With Putin secure, Kremlin looks to clean up elections
Russia is gearing up for parliamentary elections on September 18, with parties loyal to President Vladimir Putin set to dominate despite the Kremlin making a show of cleaning up the vote after mass protests last time around.
The nationwide polls — which include the annexed Crimea peninsula for the first time — come as Putin’s ratings still stand at more than 80 percent despite the country enduring the longest economic crisis of his rule due to falling oil prices and sanctions over Ukraine.
While a new election chief has clamped down on corruption and more opposition candidates have been allowed to run, analysts say the authorities’ total grip looks certain to guarantee a smooth victory — likely setting the stage for Putin to cruise to a fourth term in power in 2018.
“Clearly, the Kremlin has little appetite for relaxing its wholesale control over Russia’s political system,” the Carnegie Moscow Centre think tank wrote.
“At the same time, there is a desire to portray the elections as largely fair to help the regime to bolster its legitimacy among both elites and the broader body politic in the run-up to the 2018 presidential election.”
The polls also include votes for some key regional leaders: most prominently in the North Caucasus republic of Chechnya where Kremlin-loyal strongman Ramzan Kadyrov is facing his first popular test to his decade-long rule. Rights groups in the region say there has been a harsh crackdown on dissent in the run up to the vote.
– Haunted by protests –
Looming large for the Kremlin in this round of parliamentary polls is the memory of mass protests that followed the 2011 vote, which drew tens of thousands of Russians on to the streets after evidence of vote rigging emerged.
The demonstrations represented the biggest challenge to Putin’s dominance since he took charge in 2000 and experts say the authorities are desperate not to give any pretext for a repeat.
Those fears were only heightened by the 2014 ousting of Ukraine’s Kremlin-backed leader Viktor Yanukovych by huge protests in Kiev, sparking a crisis that has plunged Russia’s ties with the West to their lowest point since the Cold War.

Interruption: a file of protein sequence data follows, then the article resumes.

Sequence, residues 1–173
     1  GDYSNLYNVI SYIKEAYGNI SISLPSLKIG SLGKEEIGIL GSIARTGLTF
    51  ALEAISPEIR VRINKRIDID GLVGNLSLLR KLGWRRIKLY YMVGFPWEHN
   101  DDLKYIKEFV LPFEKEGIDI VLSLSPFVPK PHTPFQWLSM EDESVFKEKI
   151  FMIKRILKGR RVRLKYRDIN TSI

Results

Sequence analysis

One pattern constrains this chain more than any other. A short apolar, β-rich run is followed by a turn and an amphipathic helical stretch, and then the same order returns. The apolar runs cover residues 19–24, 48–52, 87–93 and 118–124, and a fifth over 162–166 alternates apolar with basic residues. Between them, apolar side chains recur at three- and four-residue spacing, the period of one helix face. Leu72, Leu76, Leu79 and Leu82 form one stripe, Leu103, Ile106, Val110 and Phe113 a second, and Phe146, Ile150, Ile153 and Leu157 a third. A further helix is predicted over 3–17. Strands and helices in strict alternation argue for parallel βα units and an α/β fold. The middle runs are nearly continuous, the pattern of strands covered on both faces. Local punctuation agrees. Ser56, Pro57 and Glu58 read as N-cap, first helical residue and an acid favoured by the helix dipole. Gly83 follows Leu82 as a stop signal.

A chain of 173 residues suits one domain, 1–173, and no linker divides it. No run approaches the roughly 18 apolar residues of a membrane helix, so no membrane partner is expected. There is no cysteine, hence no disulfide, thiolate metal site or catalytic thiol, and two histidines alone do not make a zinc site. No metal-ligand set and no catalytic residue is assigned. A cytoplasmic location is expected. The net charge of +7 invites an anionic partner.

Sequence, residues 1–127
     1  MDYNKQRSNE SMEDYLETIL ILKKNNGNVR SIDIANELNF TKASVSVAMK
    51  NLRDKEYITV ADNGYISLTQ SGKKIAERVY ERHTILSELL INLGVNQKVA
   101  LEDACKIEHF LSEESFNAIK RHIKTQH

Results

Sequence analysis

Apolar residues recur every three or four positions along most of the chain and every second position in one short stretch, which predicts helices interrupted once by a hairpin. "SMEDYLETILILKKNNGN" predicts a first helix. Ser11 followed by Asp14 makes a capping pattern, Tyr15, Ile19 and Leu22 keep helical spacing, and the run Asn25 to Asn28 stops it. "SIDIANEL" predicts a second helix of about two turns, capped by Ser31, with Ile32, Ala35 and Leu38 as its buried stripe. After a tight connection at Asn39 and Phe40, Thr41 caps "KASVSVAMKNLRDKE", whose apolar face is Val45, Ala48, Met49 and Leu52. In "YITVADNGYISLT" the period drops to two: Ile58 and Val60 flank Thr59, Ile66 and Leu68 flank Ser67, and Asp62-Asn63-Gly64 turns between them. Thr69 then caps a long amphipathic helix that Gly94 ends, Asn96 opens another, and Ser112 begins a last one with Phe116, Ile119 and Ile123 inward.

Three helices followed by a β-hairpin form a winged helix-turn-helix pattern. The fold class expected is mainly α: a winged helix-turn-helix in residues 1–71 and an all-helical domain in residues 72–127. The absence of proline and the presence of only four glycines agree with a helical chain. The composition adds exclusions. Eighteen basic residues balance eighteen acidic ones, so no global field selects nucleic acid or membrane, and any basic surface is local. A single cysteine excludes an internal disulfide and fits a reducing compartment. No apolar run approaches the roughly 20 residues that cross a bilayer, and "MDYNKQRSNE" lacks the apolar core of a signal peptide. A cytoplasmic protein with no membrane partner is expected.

“For authorities it is important to preserve an air of decency,” Yekaterina Schulmann of the Russian Academy of National Economy and Public Administration told AFP, adding this would mean “the absence of high-profile scandals or scandalous news.”
In March, Putin replaced the scandal-tainted head of the election commission with former human rights ombudsman Ella Pamfilova in a clear bid to clean up its image.
At a recent commission meeting, Pamfilova insisted that in the five months she has been in charge officials have taken “a string of preventive measures” against possible violations in the lead-up to the vote.
An indignant Pamfilova warned party officials and bureaucrats against pressuring voters and interfering with monitors’ work.
“I remind you that this carries up to five years of criminal punishment,” she said.
– More parties, little chance –
This time round the number of parties competing has soared from just seven at the last vote to 74, with many opposition candidates who used to struggle to get on the ballot allowed to run.
But critics insist that the improvements are purely cosmetic and no vote could ever be truly fair.
A change to the voting system that sees some MPs now elected by constituency will most likely favour the United Russia party, which controls state and local resources.
And the Kremlin exerts absolute control over the slavish state media — with prominent opposition leaders targeted by smear campaigns and leaked sex tapes.
Few understand the uphill struggle for the Kremlin’s critics more than Dmitry Gudkov, who ended the last parliamentary term as the only opposition lawmaker in the Duma.
“The chance of entering the Duma is hardly bigger” this time, Gudkov told AFP. “Nothing has changed.”
While the opposition has been allowed to air adverts on prime time TV, the authorities have still managed to stifle any real discussion of the issues.
“Advertisements are not what give you results,” Gudkov said. “Here what we have is the absence of debate, the absence of coverage of the party campaigns.”